Jan 252009

When I was in law school, BU, like many other law schools, started offering students a chance to get professional-looking business cards through the career development office. I thought it was a great idea: business cards are a nice, convenient networking tool that can quickly and concisely convey basic contact information, and, instead of using chintzy, homemade cards, by getting them through the law school we could take advantage of their sophisticated branding. Who wouldn’t want to get these?

Well, apparently some people. Former law student Jeremy Blachman, of Anonymous Lawyer fame, once had a blog post questioning the need. Or, rather, the need to be any more pretentious than we already were just by being law students. OK, maybe that’s more an issue for students who were at Harvard than for those of us across the river at Boston University… But, really, business cards? For students? Still, networking is networking, and it’s always good to have a convenient way to do it that doesn’t make you look like a shlump.

Especially because you never know who you’re going to need to network with.

Jeremy and I eventually came to form an acquaintance (despite our difference in opinion over the merit of law student business cards), and, knowing of his interest in musical theater, I invited him to join me in seeing Huey Lewis when he first appeared as Billy Flynn in the Broadway production of Chicago. After the show we waited for him outside the stage door with other fans to say hello and pass on our compliments.

There had been some cast changes that evening with several stand-ins, and Huey fretted that the performance might have been too atypical to get a good sense of the production. “I’ll be in town all week,” I offered. “I could come back and see it again.”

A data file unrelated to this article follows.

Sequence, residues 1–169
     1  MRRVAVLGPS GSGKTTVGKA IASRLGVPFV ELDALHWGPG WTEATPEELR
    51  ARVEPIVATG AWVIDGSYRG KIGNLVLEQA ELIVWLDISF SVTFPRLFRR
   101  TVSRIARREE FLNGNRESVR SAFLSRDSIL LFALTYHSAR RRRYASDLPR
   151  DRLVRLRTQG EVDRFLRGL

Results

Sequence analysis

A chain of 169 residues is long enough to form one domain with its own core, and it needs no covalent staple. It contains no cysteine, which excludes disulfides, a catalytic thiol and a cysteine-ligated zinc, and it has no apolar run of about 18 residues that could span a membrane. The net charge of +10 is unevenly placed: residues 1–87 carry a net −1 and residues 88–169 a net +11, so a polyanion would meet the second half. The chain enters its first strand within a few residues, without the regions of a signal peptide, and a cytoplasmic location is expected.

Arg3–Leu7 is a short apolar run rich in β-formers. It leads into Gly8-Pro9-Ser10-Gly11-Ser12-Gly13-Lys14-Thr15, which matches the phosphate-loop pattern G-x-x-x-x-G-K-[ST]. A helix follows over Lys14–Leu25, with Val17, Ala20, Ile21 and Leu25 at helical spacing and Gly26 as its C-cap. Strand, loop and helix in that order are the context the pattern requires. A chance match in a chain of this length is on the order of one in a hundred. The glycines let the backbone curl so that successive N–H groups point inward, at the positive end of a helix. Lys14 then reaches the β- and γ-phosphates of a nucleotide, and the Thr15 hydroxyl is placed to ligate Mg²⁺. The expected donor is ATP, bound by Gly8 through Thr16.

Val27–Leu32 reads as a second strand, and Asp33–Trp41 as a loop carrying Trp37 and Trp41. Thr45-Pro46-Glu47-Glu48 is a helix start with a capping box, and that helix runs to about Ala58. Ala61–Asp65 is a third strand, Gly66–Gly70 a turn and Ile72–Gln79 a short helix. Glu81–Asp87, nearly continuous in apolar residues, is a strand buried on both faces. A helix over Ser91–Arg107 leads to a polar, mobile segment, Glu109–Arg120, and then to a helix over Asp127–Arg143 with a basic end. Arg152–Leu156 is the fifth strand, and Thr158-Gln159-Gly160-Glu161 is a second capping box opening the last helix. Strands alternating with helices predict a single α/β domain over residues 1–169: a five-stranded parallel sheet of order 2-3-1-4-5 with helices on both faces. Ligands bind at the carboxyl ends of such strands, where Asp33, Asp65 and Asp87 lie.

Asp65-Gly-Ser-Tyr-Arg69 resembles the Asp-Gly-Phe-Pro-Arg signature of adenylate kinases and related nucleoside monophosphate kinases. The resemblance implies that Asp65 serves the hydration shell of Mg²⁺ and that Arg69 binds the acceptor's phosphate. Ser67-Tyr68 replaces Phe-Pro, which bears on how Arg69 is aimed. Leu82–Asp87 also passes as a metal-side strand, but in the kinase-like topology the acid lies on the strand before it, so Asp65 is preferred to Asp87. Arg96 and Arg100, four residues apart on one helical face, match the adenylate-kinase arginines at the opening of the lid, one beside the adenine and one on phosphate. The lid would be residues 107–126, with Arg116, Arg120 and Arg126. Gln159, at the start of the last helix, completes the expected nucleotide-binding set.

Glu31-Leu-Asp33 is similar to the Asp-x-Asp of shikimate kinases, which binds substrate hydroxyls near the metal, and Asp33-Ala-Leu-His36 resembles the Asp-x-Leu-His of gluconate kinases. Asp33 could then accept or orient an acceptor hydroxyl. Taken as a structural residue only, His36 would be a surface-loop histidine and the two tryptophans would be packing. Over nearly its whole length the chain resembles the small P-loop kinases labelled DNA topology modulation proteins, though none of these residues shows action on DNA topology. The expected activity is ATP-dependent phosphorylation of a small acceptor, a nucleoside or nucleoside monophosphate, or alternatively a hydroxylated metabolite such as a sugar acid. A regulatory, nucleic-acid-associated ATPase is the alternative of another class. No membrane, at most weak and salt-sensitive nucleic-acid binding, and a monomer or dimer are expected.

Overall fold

“You would?” Huey seemed flattered, and offered to arrange a ticket for me for another day. “I’ll call you tomorrow.”

Alex Call, songwriter behind “867-5309/Jenny” and a former bandmate and friend of Huey, once wrote that Huey’s the kind of guy who can meet you in a bar at 2 AM and still remember your name three years later. In my experience he’s absolutely right, because I pretty much met Huey in a bar at 2 AM and he still remembers my name. Over the years since we’ve had a few conversations, but always connected with one of his performances. Otherwise we’re not in touch.

So when he offered to call me, my mind started racing. It’s dark, it’s late, it’s crowded and outside… How was I going to manage to give him my phone number without being a complete dork?

Fortunately there was the perfect solution, and let this be a lesson for all you boys and girls out there. As I pointed out to Jeremy at the end of the evening, “THAT’S why you want to get business cards.”

Because you never know when Huey Lewis is going to want to call you.

  4 Responses to “Law students and business cards: a parable”

  1. I will admit to carrying business cards to the first day of school. But then they were left-overs from my previous job.
    I can make few excuses for the new cards I printed thereafter, complete with links to law-related web sites.

  2. Hehe, that is great. Gwen my 7 year old daughter got business cards from Moo.com this year for the holiday’s. They have great pictures on them and let her communicate with family more easily (my parents are not great at remembering email more or less remembering that we post videos of Gwen sometimes.) She hands out twice as many cards as I do, especially when using the flip at a tech events.

  3. Yes they can be useful, but can the students out there please just say “law student” instead of “candidate, doctorate of jurisprudence” or nonsense crap like that?

  4. It’s hip to be square.

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